A report released last week by the Canadian Centre for Policy Alternatives suggests the federal government is heading down the wrong road in its strong support for resource development.
The report, titled "The Bitumen Cliff," warns there are risks to placing too much economic reliance on the oilsands. The authors say it is leading Canada toward a "staples trap" which actually hinders economic diversity and productivity.
It was just over a year ago, during his visit to China, that Prime Minister Stephen Harper declared, "We are an emerging energy superpower. We want to sell our energy to people who want to buy our energy. It's that simple."
Harper went on to say his government is "committed to ensuring that Canada has the infrastructure necessary to move our energy resources to those diversified markets."
But the CCPA report says Canada is painting itself into a corner with this approach.
"Our concern is that Canadian policy makers who were so quick to jump on the bandwagon of us becoming an energy superpower forgot those lessons of the potential downside of a staples-based strategy for our whole economy," Jim Stanford, an economist and co-author of the report, said in a Canadian Press story last week.
What is the downside? Well, the report's authors explain that heavy reliance on exporting raw materials instead of a more finished product can create a vicious cycle. Oilsands development requires huge fixed-cost investments in production and transportation infrastructure, and those costs must be made up by increasingly faster production and export of the energy staple - in this case bitumen. That can actually drive down the price of the product.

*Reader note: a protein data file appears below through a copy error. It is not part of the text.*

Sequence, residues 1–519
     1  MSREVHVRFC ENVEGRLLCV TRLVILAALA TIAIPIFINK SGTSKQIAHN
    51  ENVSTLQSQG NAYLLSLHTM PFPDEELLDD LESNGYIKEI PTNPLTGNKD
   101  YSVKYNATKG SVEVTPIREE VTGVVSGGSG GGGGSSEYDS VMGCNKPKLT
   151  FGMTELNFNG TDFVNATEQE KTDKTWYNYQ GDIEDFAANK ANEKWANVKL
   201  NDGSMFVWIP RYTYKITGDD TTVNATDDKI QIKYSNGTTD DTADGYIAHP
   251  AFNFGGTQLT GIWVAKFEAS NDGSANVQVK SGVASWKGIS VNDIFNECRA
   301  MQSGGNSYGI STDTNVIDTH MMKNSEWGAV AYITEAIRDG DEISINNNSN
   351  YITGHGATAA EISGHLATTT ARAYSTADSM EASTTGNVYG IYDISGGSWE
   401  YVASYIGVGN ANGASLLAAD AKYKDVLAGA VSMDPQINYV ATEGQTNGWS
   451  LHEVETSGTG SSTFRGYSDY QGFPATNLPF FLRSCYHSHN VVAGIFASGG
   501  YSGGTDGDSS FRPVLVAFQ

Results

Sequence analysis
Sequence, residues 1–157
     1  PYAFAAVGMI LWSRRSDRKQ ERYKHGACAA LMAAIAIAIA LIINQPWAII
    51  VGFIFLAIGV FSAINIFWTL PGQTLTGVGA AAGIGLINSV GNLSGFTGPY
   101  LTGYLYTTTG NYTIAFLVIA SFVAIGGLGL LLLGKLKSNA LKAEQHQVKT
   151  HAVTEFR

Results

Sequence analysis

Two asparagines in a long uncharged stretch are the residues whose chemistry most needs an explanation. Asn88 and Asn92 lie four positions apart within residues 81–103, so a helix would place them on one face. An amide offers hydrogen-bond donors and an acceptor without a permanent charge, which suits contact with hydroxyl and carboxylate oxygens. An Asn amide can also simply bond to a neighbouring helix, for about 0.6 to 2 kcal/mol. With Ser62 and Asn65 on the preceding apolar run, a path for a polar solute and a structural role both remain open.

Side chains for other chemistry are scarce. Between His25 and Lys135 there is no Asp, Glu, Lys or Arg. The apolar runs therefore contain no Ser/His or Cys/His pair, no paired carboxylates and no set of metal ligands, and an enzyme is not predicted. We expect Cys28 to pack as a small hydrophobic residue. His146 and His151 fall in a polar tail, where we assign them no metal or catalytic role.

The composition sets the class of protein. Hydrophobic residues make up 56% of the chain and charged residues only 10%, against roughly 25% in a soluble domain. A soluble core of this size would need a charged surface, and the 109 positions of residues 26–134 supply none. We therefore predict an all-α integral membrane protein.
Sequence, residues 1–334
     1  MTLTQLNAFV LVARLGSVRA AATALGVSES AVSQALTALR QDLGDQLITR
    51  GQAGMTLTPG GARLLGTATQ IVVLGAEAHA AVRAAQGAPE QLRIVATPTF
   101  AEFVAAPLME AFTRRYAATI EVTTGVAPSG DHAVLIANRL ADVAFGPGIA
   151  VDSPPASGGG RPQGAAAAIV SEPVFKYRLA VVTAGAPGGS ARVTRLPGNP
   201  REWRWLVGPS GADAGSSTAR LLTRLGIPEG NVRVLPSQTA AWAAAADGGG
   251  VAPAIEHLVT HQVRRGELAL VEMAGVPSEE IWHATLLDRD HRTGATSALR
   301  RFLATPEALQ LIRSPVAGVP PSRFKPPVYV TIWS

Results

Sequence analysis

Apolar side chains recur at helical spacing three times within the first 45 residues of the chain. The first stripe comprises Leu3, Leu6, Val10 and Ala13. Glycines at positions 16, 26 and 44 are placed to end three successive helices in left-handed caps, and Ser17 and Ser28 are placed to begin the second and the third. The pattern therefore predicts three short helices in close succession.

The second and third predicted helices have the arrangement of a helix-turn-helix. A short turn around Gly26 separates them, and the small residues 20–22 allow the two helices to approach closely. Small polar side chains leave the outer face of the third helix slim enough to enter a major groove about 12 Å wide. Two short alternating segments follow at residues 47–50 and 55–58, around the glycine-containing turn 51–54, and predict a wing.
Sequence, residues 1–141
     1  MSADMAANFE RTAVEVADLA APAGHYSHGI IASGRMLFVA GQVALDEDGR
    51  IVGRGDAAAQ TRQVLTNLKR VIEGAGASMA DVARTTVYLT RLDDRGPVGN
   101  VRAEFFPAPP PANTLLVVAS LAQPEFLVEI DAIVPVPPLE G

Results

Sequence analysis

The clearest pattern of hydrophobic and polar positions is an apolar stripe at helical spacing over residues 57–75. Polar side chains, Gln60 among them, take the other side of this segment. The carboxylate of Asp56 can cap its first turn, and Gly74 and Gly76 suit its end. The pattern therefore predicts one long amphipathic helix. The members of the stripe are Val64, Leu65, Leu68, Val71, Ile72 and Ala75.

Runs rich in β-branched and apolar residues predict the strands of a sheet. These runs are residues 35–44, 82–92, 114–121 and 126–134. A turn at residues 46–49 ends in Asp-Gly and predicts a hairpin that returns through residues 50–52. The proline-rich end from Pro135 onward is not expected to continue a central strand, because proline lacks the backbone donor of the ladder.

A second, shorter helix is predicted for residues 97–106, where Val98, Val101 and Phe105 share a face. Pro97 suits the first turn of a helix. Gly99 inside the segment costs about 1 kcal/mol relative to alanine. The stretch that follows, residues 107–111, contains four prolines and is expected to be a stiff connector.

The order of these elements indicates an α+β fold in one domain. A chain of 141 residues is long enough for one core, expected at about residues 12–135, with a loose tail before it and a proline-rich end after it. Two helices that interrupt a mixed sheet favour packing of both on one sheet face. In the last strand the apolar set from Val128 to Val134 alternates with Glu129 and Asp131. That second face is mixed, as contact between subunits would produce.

Such heavy investment in one industry can also work against other sectors, such as manufacturing. "The brunt of resource-driven sectoral restructuring in Canada's economy has clearly been borne by the manufacturing sector," says the report, which blames high oil prices for the high Canadian dollar, which in turn hurts the manufacturing sector.
The influence of such an intensive resource focus goes beyond the economy. The report says, "The concentrated political influence of this latest staples industry, anxious to recoup (as quickly as possible) its enormous investments in bitumen export, shifts the nature of politics in Canada as a whole. The growing political influence of the petroleum sector, both provincially and federally, constitutes a kind of 'petro-state' in Canada, wherein the petroleum industry exercises disproportionate influence over all public policy."
In supporting its view of the negative effect on the Canadian economy as a whole, the report notes that the petroleum industry created 16,500 mostly well-paying jobs in the decade ending 2011. But that was offset by the loss of some 520,000 Canadian manufacturing jobs alone during the same period.
Proponents of Canada's resource development in the oilsands region have pointed out that Canada can benefit greatly by being a major player in the global energy game. On the surface, that view makes sense. We have huge quantities of a resource that is in big demand internationally.
But the "Bitumen Cliff" report offers a cautionary view that should at least be considered. Could it be that the authors are correct in their assessment, and this heavy push toward resource development is a mistake?
For the sake of average Canadians who depend on a healthy and diversified economy, let's hope that the decision makers are making the right decision.
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